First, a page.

Housing Authority

from Bill Brown

It's February in Chicago, and getting ready for a bike ride is like suiting up for a space walk: 2 layers of gloves and 4 layers of socks and every coat in my closet. It'll be months before I can strip off all these layers and take off my shirt, and the sun will turn the skin of my back red. Then I'll spend the month of July peeling, sloughing off that one last layer that hangs on my skeleton and that feels like one layer too many when its July and you live in an apartment without an air conditioner.

For now it's February and I've got milky white sheets of plastic taped over my windows. I can't see through the plastic, so my neighborhood is reduced to off-screen sounds: the prostitute with the bad leg screaming at her weasely pimp, and the rattle of the chain link fence as the guy who lives in the vacant lot next door heads out on one of his secret missions at three in the morning.

I probably wouldn't leave my apartment at all except that they've started to knock down the projects on Lake street, and that's worth bundling up for. The housing Authority emptied out the biggest buildings a few years ago and they've been standing empty ever since. Then the other day, I saw a city worker climbing down a manhole on Lake Street. I asked him what he was doing, and he said he was disconnecting the water and sewer lines that run to the projects. Even though the buildings were abandoned, they were still hooked into the city and its services; abandoned but not quite forsaken. But now he was pulling the plug.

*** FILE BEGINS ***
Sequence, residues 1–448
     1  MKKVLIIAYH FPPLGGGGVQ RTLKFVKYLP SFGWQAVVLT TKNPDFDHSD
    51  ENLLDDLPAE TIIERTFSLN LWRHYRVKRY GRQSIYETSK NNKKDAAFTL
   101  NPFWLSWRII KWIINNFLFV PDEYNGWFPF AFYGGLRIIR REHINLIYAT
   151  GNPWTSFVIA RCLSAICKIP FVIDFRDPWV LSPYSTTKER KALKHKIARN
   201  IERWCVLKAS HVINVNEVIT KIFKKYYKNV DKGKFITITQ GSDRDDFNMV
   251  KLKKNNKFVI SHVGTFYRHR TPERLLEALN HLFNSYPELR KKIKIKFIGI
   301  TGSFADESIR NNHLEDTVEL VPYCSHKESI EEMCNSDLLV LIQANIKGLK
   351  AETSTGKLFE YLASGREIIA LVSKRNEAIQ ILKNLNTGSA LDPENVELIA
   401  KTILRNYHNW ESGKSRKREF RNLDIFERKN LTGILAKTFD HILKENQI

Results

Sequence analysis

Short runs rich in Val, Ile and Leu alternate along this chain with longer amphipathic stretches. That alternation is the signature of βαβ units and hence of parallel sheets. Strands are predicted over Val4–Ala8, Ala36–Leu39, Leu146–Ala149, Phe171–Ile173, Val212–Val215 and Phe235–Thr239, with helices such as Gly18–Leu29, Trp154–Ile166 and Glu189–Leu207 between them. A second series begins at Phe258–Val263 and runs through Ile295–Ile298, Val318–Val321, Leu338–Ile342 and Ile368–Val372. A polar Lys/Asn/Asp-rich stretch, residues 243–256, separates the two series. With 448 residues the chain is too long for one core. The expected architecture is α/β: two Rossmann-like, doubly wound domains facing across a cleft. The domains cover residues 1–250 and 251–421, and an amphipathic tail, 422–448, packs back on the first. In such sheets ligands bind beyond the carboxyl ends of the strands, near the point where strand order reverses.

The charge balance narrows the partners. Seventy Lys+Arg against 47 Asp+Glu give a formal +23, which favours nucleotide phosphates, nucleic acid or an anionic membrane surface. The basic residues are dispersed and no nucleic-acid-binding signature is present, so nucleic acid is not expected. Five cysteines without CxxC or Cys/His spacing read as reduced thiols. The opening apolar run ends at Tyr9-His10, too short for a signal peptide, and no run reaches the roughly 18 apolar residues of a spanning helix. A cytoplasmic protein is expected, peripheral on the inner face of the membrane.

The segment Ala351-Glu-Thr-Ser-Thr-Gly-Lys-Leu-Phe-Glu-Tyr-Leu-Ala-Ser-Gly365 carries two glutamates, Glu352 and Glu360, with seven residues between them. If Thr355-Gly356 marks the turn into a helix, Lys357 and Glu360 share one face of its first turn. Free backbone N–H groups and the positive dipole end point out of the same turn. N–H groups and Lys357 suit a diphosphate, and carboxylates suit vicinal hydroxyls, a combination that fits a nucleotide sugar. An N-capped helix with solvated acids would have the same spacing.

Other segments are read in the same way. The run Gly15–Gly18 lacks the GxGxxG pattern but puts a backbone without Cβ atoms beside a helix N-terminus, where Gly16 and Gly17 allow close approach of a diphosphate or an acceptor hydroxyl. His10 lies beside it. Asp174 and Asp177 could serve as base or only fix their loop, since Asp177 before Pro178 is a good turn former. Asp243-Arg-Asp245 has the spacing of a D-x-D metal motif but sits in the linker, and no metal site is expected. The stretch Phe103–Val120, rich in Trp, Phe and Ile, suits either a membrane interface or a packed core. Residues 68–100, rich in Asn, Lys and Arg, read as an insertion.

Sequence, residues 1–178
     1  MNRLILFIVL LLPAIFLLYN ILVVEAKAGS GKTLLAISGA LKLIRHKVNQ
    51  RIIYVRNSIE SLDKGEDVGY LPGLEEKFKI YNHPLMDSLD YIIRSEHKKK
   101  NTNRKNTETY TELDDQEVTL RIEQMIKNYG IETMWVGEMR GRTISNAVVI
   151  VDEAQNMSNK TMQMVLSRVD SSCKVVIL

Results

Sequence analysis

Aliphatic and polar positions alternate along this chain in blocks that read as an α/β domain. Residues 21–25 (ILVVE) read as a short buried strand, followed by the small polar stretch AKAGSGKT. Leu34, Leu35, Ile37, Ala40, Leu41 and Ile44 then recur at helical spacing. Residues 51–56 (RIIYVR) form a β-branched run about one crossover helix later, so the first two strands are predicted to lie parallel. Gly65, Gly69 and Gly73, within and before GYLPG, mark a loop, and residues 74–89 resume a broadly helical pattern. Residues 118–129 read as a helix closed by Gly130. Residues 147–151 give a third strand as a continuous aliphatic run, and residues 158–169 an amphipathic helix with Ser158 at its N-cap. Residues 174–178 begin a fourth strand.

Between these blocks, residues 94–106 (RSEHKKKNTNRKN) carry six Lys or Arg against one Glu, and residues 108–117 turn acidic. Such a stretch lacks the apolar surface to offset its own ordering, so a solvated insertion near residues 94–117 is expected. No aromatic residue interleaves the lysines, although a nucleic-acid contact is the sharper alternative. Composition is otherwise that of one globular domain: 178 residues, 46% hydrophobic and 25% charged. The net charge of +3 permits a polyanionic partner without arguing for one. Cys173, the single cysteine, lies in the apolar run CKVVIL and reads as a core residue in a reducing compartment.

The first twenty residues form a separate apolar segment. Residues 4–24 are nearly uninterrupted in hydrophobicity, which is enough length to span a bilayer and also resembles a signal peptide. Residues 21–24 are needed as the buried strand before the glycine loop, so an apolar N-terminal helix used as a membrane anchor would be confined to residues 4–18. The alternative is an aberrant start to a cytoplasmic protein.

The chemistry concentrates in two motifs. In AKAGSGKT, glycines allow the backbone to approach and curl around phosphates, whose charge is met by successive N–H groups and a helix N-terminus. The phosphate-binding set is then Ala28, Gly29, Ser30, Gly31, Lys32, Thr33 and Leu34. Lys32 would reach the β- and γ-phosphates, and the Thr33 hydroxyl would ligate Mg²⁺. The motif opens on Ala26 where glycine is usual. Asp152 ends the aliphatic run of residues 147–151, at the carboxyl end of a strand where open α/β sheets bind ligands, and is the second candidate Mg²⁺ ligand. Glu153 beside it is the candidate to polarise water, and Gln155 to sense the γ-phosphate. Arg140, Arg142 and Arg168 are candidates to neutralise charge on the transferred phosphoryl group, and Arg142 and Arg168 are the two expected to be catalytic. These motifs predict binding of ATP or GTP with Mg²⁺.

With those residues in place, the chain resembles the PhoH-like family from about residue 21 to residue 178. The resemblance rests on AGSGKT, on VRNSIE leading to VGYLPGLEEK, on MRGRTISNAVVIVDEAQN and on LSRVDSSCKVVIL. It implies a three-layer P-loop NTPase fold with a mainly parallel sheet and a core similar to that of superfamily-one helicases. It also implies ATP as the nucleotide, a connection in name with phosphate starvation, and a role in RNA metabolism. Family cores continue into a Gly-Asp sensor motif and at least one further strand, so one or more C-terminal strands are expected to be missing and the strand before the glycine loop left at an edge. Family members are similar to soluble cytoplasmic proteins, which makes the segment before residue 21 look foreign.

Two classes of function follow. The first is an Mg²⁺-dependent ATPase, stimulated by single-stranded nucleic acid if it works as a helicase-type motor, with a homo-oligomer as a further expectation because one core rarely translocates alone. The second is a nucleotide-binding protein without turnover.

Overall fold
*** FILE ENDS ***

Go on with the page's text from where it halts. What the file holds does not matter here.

A few days later, a big machine with a huge steel claw pulls up and starts chewing away at the buildings. The machine leaves the insides of the projects exposed: 10-stories of stacked-up cement cubicles that are identical except for the paint jobs. Every apartment is painted a crazy color - jasmine or jade or neon yellow - and it's sort of obscene to see them like this, all those private spaces, these bedrooms and bathrooms, laid open to every snoop riding his bike down Lake Street. Who'd have guessed that they'd rip open these scary old projects and this is what they'd find inside? Who'd have guessed that these buildings would bloom just before they fell?



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